Astrological Geomancy in Africa

J Abayomi Cole

The science of Astrology teaches us one great lesson and that is that God does not reject existing knowledge because it happens to be brought to light or belongs to heathen nations, he adopts and purifies it for he is the author of all wisdom.” Professor Cole

This treatise was first delivered by lecture to the Astrological Society of London in 1899 by Professor J A Abayomi Cole. Astrological Geomancy can be defined as an occult science of ancient Kemet that was eventually introduced and shared with other tribes all across the African continent and is still practiced within the tribal traditions today. It includes tribal divination, astronomical configurations, the zodiac signs, tarot, math and science calculations, etc., using the map of the heavens to accurately make individual and event predictions that are influenced by the magnetic planetary forces and its influences on the earth.

Title Astrological Geomancy in Africa
Author J. A. Cole
Editors Kali Sichen, Kali Sichen-Andoh
Edition illustrated
Publisher North Scale Institute Publishing Company, 1990
ISBN 0916299120, 9780916299125
Length 61 pages


In those early days of the world’s history, when the gods associated with men and rendered them valiant help in all their struggles for existence, sacrifices were offered unto them. At these offerings they became so delighted that they came down from heaven in such great numbers that it was not possible to obtain sufficient meat to distribute amongst them.

Having cultivated a taste for flesh, and the worshippers not being able to supply all they demanded, the gods were therefore obliged to resort to various pursuits so that they might obtain food.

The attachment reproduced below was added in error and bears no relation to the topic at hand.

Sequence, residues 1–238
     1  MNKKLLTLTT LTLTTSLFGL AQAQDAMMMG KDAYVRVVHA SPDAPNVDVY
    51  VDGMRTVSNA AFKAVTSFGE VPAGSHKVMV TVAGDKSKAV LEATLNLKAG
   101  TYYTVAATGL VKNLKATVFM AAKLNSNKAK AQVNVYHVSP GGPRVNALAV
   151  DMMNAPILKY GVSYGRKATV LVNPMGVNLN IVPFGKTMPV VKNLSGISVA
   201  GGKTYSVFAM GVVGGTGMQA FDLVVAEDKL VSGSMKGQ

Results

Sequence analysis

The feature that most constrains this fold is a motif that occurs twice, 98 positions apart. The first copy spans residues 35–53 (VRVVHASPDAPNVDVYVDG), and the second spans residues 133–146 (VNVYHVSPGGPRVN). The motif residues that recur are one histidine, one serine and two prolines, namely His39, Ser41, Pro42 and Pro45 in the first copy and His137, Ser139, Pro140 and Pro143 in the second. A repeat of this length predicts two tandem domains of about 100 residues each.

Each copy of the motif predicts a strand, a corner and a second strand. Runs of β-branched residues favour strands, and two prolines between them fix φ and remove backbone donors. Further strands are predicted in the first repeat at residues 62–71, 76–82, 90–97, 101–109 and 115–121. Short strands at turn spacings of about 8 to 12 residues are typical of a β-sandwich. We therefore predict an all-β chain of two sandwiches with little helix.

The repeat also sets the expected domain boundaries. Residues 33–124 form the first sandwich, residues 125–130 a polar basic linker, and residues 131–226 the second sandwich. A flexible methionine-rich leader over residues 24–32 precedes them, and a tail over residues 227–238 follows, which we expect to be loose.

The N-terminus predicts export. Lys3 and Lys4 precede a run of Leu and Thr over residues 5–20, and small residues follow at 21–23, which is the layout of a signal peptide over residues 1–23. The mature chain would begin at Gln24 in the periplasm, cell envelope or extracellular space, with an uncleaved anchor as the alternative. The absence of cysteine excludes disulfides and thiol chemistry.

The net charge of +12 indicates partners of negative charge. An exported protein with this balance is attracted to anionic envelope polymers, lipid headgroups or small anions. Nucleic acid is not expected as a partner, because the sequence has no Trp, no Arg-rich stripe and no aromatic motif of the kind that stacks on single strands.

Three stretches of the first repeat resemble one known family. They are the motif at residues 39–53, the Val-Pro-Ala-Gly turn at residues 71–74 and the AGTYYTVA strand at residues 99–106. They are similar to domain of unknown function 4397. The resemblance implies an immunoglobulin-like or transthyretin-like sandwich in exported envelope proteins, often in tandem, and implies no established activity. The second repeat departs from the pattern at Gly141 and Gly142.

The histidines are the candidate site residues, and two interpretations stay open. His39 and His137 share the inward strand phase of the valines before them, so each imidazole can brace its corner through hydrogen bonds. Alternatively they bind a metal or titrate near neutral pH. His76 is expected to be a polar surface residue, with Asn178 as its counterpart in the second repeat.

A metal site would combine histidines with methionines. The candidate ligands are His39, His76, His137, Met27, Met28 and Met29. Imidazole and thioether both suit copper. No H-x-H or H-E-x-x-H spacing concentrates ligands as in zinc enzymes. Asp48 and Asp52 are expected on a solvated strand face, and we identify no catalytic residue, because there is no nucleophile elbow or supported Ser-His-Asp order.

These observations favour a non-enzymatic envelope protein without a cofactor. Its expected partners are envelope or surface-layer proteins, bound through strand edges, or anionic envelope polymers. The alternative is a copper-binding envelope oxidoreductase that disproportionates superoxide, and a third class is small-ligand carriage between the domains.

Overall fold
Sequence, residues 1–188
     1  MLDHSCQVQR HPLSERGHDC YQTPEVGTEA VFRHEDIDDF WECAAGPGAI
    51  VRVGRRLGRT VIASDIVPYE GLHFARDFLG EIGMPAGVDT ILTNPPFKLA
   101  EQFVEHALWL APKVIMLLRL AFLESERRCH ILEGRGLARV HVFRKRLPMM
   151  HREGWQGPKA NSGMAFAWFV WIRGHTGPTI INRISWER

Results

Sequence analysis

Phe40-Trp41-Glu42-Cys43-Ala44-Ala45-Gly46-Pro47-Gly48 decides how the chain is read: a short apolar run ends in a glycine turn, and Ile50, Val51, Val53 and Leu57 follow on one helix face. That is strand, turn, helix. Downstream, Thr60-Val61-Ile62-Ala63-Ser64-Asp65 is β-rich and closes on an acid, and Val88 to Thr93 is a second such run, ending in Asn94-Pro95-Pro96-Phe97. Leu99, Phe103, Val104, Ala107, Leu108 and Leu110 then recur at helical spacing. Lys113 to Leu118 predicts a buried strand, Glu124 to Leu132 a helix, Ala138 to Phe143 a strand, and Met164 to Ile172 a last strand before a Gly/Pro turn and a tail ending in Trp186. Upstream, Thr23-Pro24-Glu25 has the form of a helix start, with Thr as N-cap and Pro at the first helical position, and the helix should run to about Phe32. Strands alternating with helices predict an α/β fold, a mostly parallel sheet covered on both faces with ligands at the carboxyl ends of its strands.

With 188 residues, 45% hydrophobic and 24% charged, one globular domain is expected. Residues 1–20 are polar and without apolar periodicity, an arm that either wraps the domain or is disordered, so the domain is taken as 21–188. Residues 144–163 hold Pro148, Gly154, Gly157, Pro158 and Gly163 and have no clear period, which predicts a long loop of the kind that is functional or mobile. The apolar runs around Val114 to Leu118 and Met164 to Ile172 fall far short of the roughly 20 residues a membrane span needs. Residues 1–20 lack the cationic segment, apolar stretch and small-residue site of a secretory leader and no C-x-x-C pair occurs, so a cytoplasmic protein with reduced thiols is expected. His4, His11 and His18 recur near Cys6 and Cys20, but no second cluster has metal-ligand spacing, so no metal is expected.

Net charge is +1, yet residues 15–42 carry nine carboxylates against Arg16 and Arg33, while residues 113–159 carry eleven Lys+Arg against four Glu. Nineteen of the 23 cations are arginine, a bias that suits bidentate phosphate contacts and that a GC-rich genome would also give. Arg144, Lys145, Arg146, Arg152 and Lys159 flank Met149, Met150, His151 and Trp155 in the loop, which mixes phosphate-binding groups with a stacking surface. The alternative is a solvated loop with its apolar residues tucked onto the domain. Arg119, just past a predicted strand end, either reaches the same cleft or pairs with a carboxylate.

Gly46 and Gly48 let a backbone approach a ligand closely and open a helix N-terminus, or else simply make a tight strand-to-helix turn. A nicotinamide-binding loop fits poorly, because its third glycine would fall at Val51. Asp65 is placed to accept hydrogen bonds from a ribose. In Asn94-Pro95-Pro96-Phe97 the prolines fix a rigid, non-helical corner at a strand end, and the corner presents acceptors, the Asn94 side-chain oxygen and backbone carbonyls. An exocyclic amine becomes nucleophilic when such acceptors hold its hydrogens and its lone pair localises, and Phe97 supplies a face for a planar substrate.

Ifa, the God of Divination, took to fishing. On a certain day Ifa returned from the sea hungry and exhausted, having caught no fish. He thereupon consulted the god Elegba what to do.

Elegba, in reply, said that there was near the forest a farm belonging to Orunga, the son of the goddess (Yemaja). It was planted by Odudura, the wife of Obatala (Heaven). It bore only sixteen nuts, and if Ifa can succeed to obtain the sixteen palm nuts from Orunga-who now owns the lands-he would, with them, teach him the art of divination, by which food will be secured for the gods without resorting to labour; for every one wishing to consult the Oracles will pay a goat, and knowing the anxiety of mankind to pry into the future, he was sure that the gods would thereby have more flesh than they would need, stipulating at the same time that the first choice of all such should be his.

Ifa at once proceeded to the farm of Orunga. He bargained for the sixteen palm nuts, promising in return for them to teach Orunga how to forecast the future, assuring him that by this knowledge he will become very rich, and at the same time be of great service to mankind.

Orunga went and consulted his wife, Orisabi, who agreed that they would part with the palm nuts, if by so doing they would become both rich and useful. Both of them set out to get the nuts, which they collected by the aid of monkeys. All, sixteen in number, were wrapped in a bundle of clothes, and Orisabi tied the bundle on her back in the manner in which babies are generally carried, and she with her husband took them to Ifa. Ifa received and took them to Elegba, who taught him, as he promised, the art of divination; Ifa in turn taught it to Orunga, who thus became the first Baba-alawo (i.e., Father of Mysteries).

Hence in all geomantic operations the Baba-alawoes use the common formula:

Orunga ajuba oh! – Orunga, I respect thee!

Orisabi ajubi oh! – Orisabi, I respect thee!

This accounts for the sixteen palm nuts used in Yoruba divination all corresponding to the twelve houses of the heavens + two geomantic witnesses + one geomantic judge + one grand judge obtained by the permutation of the judge, the fifteenth figure, with the figure of the first house, all equal to sixteen figures.

There are various methods of divination, either with sixteen stones taken from the stomach of an alligator, used largely by tribes in the interior of the Colony of Sierra Leone, or with sixteen ordinary stones, beans, palm nuts, or cowries.